LEVERAGING FREE TRADE AGREEMENTS FOR COMPETITIVE ADVANTAGE; IDENTIFYING THE ROAD BLOCKS
With the proliferation of FTAs globally in its various avatars covering trade in goods, services, and investments. It is imperative for every industry exposed to global production and supply chains management networks to include FTAs as a key component in its growth/survival strategy. The quality and depth of commitments under FTAs is typically WTO plus i.e. surpassing the commitments offered under the WTO commitments. Hence, factoring the FTA landscape by the industries would be a worthwhile endeavor, as it can lead to significant reductions in import duties thus enhancing the cost competitiveness. Further, Exporting Industries can use FTA’s to enhance their competitiveness in terms of smart pricing.
India is party to various FTAs which include the Asia-Pacific Trade Agreement with Bangladesh, Korea, Sri Lanka and China (‘APTA’), the Global System of Trade Preferences with 48 countries (‘GSTP’) the Comprehensive Economic Cooperation Agreement with Singapore (‘CECA’), the Agreement on South Asian Free Trade Area with Pakistan, Bangladesh, Nepal, Bhutan, Sri Lanka, Maldives (‘SAFTA), the India-Thailand FTA, Preferential Trade Agreements with the Association of South East Asian Nations (‘ASEAN’) and South Korea etc. As of 2015, India has notified the WTO of 15 trade agreements and is currently negotiating another 11 agreements in various forms.
Trade agreements are a means to promote trade but Indian Industry appears to have underutilized these trade agreements. The percentage of India’s international trade through the preferential route/FTAs is very low. According to the Asian Development Bank, the utilization rate of India’s FTAs varies between 5% and 25%, which is one of the lowest in Asia.
A major reason consistently pointed out in various studies across developing countries for low utilization rates of FTAs remains the lack of information and education campaigns focused on FTAs. Compliance and administration costs related to ROO (rules of origin) requirements also represent a major hurdle in the decision of firms to utilize an FTA. All too often, firms are severely discouraged by the administrative costs of securing COO certificate. Preparing the origin documents entails work that creates fixed expenditure, thus only those firms (one can safely exclude SMEs from this category) who can absorb this cost are inclined to use an FTA scheme. In order to qualify for preferential duty rates, a company must comply with the rules of origin for that particular FTA. These rules have varied criteria (e.g. regional value content or shift in tariff classification) which apply differently to products depending on the FTA. Complex rules of origin criteria, lack of information on FTAs, higher compliance costs and administrative delays dissuade exporters from using preferential routes. Failure to properly track the country of origin of imported goods can jeopardize eligibility for FTAs and other preferential trade programs. Incorrect or false country of origin claims can also result in severe customs penalties or violations of civil and criminal statutes. When applying for a certificate of origin, firms also have to submit documents with specific information on source, components, and raw materials to prove origin. Firms rightly perceive this process as requiring the disclosure of confidential information, concern about the continued confidentiality of the information so submitted, is also a major dampener.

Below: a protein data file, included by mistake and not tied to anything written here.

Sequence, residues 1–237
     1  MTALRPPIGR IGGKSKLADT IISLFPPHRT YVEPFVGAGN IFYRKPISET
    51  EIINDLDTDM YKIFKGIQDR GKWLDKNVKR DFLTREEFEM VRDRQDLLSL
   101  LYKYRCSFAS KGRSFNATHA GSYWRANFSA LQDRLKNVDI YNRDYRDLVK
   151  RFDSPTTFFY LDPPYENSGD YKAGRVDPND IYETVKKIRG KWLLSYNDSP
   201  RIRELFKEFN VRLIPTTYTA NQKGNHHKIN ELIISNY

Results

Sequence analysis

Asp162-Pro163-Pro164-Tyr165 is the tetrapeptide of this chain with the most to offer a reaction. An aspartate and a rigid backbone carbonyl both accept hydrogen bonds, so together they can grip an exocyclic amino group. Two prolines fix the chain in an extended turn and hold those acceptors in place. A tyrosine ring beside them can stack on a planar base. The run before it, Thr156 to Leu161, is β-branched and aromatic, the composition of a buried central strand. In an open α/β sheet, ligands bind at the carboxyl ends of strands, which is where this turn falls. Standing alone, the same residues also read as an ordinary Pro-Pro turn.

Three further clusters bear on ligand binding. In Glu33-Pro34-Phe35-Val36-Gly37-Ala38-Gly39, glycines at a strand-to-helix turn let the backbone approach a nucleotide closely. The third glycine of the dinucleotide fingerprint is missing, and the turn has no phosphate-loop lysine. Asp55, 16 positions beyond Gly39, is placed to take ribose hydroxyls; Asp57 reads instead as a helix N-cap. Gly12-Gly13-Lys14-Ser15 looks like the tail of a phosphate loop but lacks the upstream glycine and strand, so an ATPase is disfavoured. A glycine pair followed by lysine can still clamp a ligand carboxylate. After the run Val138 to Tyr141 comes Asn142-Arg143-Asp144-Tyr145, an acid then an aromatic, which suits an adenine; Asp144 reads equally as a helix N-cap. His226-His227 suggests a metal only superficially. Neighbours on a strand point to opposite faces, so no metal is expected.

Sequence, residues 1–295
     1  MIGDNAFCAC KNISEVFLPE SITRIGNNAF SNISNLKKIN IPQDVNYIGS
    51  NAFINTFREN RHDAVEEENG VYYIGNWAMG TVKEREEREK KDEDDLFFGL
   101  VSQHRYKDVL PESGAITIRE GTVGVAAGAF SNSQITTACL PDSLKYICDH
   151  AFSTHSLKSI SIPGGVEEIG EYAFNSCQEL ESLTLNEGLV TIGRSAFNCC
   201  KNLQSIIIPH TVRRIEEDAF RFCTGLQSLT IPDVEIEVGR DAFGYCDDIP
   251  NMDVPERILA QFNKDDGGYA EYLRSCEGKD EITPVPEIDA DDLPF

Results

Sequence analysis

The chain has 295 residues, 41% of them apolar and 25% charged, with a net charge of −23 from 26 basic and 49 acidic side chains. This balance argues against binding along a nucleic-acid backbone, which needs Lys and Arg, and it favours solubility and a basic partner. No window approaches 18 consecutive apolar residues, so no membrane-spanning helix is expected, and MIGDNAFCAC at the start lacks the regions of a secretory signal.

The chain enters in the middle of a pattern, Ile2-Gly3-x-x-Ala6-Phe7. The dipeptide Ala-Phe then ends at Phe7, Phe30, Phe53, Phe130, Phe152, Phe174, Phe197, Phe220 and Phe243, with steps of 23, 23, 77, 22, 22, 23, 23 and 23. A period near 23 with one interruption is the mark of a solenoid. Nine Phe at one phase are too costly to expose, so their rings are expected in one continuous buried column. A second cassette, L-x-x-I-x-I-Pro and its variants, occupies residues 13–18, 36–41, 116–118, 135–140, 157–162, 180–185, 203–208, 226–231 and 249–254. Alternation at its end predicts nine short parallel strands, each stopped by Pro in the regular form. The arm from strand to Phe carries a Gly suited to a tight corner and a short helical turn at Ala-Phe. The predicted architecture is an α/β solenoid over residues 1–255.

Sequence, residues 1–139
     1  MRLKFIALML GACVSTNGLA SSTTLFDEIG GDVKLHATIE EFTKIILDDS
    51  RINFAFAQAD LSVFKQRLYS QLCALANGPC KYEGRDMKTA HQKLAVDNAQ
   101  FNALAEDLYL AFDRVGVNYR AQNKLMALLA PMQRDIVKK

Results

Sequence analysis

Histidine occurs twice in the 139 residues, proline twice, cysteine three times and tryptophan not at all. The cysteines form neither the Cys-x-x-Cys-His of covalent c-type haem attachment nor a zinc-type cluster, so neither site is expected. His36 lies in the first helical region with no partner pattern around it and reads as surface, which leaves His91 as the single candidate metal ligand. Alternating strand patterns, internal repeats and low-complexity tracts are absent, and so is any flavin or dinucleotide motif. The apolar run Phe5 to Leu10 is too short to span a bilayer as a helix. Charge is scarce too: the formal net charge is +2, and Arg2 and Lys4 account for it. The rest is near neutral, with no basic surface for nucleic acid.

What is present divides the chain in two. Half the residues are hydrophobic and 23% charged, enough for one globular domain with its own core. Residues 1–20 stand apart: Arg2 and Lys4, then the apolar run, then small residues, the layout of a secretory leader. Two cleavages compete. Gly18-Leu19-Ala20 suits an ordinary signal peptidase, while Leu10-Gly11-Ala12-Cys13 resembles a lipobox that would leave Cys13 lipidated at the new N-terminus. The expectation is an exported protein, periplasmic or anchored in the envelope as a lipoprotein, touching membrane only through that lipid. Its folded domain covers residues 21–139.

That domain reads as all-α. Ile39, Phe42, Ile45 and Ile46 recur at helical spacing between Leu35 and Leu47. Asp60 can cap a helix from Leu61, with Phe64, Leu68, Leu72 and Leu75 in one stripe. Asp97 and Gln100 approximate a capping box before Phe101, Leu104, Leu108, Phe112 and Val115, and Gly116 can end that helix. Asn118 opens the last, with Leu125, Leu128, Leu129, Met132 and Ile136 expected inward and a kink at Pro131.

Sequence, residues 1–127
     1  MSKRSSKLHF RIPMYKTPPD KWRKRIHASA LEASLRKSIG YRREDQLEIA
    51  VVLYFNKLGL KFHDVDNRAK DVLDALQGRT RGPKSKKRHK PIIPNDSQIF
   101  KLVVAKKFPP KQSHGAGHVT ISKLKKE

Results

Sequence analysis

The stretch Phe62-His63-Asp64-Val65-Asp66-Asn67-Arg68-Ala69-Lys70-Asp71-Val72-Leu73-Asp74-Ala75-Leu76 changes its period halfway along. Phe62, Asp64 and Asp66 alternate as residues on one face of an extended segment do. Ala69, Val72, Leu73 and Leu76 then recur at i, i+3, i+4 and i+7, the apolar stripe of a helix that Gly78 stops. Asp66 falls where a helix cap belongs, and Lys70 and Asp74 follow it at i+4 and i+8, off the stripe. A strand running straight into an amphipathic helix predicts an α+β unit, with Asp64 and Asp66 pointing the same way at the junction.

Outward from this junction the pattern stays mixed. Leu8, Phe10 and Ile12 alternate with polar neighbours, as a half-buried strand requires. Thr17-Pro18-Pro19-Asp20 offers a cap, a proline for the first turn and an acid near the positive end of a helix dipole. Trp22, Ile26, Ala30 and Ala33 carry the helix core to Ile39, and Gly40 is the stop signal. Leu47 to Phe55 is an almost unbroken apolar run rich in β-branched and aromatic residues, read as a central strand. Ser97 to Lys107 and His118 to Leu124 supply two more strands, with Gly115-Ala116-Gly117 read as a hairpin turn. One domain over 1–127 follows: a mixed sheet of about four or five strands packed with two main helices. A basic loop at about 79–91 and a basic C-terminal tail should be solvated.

Industries are already facing difficulties comprehending and utilizing existing FTAs, this has implications for India’s negotiation of RCEP/FTA with EU, Australia etc., as it would imply as yet another trade agreement for industries to comprehend. The RCEP, along with other mega RTAs – the TPP (Trans Pacific Partnership) etc, are expected to alter the framework and standards for trade relations among nations. These agreements /negotiations are also focused on compliance of technical, intellectual property and environmental standards. In these circumstances Industries have no option to ignore the emerging web of trade agreements, a very concerted effort is required to enhance their capacity to understand and utilize these trade agreements. This won’t be possible especially in context to the SME segment, without government support. The utilization rate of FTAs would certainly improve as the government steps up its efforts in information and education campaign.
In its Foreign Trade Policy statement, issued in March 2015, the Commerce Ministry (GOI) has talked of a relative lack of awareness about the potential benefits from free trade agreements (FTAs). A web portal on FTAs has been developed and can be accessed at http://indiantradeportal.in. However, The data available in the portal require interpretation and enhanced levels of understanding which is certainly beyond mid-sized & small firms .In any case this effort can at the most qualify as baby step in the right direction.
In this scenario merely focusing at the policy level of FTAs won’t resolve the issue of low utilization and survival of the Industries affected by the global supply chain. A concerted effort focusing at the administrative issues , especially in ROO administration is required, in terms of creating a Binding Origin Information (BOI) Authority ; enhancing the capacity of the Industry to comply with technical standards, leverage their intellectual property which remaining vigil for not violating the agreed upon IPR regime. What is essentially required is a comprehensive outreach programme, which not only educates but also enhances the capacity of industries to avail the benefits of FTAs.
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